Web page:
$ wire-cell -p WireCellGen -p WireCellApps -a ConfigDumper | json_pp 
[
...
   {
      "name" : "",
      "type" : "PlaneImpactResponse",
      "data" : {
         "plane" : 0,
         "tick" : 500,
         "nticks" : 10000,
         "field_response" : "FieldResponse",
         "other_responses" : []
      }
   },
...
]

Only one of about three dozen instance configuration data structures is shown. It is the one for PlaneImpactResponse which was featured in a recent post.

Of course, as shown above, ConfigDumper itself takes some configuration. Namely the user may set an output file and may limit which components are dumped. This configuration can be provided in a usual configuration file but in the next example we use the process substitution feature of bash to do everything on the command line:

$ wire-cell -p WireCellSigProc -p WireCellGen -p WireCellApps \
            -a ConfigDumper \
            -c <(echo '[{type:"ConfigDumper",data:{filename:"dump.json",components:["FieldResponse","PlaneImpactResponse"]}}]')
$ cat dump.json |json_pp
[
   {
      "type" : "FieldResponse",
      "data" : {
         "filename" : ""
      },
      "name" : ""
   },
   {
      "name" : "",
      "data" : {
         "plane" : 0,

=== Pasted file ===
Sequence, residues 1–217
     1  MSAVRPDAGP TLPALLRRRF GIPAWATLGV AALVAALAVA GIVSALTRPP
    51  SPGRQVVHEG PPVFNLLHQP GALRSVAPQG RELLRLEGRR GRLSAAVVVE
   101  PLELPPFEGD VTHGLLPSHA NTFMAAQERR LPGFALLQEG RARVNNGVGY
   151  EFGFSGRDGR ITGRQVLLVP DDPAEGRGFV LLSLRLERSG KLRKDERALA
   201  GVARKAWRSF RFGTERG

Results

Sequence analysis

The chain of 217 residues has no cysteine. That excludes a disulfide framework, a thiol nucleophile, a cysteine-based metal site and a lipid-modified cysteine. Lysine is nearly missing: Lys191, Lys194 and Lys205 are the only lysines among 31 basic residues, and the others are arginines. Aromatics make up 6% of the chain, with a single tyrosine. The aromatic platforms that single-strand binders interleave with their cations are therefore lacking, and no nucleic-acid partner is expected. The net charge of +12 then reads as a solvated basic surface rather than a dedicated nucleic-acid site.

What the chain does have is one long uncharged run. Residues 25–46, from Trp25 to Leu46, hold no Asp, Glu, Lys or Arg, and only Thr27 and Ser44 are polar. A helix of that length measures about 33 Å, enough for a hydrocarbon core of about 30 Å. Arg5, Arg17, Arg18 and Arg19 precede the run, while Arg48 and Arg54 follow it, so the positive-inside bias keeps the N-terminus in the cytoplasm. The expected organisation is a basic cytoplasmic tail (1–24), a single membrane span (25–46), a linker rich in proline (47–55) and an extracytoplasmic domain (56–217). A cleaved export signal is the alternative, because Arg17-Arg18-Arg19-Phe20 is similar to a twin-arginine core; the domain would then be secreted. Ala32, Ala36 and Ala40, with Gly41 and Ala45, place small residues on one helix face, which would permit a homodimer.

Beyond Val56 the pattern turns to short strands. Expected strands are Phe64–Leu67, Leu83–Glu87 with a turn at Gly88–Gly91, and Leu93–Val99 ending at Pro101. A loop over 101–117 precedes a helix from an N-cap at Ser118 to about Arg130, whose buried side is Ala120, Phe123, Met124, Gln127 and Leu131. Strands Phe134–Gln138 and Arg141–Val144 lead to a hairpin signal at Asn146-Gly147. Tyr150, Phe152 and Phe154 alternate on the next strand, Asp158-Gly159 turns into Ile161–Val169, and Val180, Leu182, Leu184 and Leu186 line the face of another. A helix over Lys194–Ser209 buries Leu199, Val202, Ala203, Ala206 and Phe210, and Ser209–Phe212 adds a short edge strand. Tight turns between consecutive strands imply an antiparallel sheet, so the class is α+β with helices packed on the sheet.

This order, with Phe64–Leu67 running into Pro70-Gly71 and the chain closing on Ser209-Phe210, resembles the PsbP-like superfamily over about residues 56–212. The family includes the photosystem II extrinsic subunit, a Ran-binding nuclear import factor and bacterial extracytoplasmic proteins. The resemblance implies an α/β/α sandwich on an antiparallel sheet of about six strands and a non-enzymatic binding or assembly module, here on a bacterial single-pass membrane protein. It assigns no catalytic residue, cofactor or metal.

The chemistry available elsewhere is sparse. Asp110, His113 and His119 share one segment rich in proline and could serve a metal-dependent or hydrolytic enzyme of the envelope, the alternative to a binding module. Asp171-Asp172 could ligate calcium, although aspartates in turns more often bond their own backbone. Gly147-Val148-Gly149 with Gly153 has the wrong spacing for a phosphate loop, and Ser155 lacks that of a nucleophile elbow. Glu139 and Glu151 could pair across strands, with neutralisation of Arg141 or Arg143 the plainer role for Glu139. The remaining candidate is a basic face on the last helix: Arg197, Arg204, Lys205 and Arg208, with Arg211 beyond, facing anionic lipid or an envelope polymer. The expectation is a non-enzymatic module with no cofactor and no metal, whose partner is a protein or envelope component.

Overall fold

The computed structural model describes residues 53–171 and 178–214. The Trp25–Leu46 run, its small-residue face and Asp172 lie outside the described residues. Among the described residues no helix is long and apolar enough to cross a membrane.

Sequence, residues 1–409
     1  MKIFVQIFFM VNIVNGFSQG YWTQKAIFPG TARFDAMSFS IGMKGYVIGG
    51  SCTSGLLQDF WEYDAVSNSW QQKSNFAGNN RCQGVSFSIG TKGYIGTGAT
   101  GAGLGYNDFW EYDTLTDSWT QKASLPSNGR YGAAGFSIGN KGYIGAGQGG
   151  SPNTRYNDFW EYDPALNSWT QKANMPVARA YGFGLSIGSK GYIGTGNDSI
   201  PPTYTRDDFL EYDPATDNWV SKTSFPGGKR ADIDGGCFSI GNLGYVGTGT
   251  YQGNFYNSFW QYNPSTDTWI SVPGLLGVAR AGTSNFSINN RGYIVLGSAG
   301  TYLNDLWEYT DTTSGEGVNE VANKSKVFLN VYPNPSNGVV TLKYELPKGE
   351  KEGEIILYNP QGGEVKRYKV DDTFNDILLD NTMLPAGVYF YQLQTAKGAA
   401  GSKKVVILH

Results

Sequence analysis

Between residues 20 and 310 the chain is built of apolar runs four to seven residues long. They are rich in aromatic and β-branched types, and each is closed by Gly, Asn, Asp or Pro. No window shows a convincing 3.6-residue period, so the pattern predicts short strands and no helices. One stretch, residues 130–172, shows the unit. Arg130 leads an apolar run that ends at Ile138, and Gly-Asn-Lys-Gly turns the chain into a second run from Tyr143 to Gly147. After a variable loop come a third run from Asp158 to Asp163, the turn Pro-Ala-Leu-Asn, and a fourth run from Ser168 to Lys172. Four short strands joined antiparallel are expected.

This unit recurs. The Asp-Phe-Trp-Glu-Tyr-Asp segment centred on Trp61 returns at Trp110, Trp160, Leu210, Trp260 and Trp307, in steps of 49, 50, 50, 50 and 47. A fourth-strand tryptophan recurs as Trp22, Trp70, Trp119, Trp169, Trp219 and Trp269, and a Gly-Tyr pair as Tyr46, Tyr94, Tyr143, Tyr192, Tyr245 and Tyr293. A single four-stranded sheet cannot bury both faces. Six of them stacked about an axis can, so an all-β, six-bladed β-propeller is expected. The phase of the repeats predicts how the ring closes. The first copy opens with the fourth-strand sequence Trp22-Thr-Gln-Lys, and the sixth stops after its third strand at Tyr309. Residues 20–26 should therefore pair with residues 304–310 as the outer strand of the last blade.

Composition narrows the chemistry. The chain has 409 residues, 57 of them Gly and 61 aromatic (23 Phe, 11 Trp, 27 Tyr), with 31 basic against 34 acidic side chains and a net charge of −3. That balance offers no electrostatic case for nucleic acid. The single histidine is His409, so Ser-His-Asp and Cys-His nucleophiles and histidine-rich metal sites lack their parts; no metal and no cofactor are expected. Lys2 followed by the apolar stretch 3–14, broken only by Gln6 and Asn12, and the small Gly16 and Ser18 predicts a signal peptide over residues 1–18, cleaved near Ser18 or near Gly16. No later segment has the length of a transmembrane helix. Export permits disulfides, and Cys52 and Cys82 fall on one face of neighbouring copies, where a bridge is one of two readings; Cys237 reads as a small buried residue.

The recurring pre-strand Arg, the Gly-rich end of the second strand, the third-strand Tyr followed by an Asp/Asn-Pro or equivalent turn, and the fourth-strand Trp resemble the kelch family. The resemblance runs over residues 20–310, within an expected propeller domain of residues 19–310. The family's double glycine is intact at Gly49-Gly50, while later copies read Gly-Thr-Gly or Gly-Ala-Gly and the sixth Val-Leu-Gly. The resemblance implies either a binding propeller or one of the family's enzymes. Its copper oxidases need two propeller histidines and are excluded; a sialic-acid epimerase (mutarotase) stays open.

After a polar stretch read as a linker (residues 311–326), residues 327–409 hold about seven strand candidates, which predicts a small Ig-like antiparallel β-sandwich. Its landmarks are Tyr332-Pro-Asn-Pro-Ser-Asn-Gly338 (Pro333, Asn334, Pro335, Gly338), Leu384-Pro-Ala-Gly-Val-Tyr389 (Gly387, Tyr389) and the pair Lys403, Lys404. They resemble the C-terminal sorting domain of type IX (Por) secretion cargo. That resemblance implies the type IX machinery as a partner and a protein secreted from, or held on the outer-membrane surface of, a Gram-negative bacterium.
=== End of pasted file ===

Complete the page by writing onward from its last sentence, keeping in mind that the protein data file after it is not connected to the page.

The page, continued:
"other_responses" : [],
         "field_response" : "FieldResponse",
         "tick" : 500,
         "nticks" : 10000
      },
      "type" : "PlaneImpactResponse"
   }
]

Using Configuration Dumps

After running the ConfigDumper the user may wish to provide a variant configuration which is influenced by what was discovered. A few guidelines and caveats are useful here.

JSON vs Jsonnet

The ConfigDumper output is in JSON while humans are likely happier writing in the Jsonnet data language. By design, the former is a strict subset of the latter so it is possible to simply copy-paste a snippet of ConfigDumper output into a Jsonnet file and then modify as desired. However, JSON should be seen as a "lossy" format and some manual "up-conversion" to Jsonnet is recomended. In particular:

  • quoting attribute keys is "ugly" (admittedly, this is purely subjective).
  • literal numerical quantities in JSON are implicitly expressed in the WCT system of units while it is much more clear and less error prone if they carry explicit units.
  • it is best to have one component refer to another not by literal strings but via the tn() function provided by wirecell.jsonnet.

As an example, one might write a configuration which is merely influenced by the dump of PlaneImpactResponse's default configuration above in more "proper" Jsonnet like:

local wc = import "wirecell.jsonnet";
local fr0 = {
    type: "FieldResponse",
    data: {
	filename: "ub-10-half.json.bz2",
    }
};

local pir = {
    type : "PlaneImpactResponse",
    data : {
	plane : 0,
	field_response : wc.tn(fr0),
	tick : 0.5*wc.us,
	nticks : 9595,
    },
};
[fr0, pir, ...]

Missing or Empty Default Attributes

A user configuration object is "deeply merged" in to the default configuration object by recursively copying leaf attributes. Any part of the default structure which does not exist in the user structure will be retained. The result is what is passed to the C++ component instance referred to by the configuration object itself.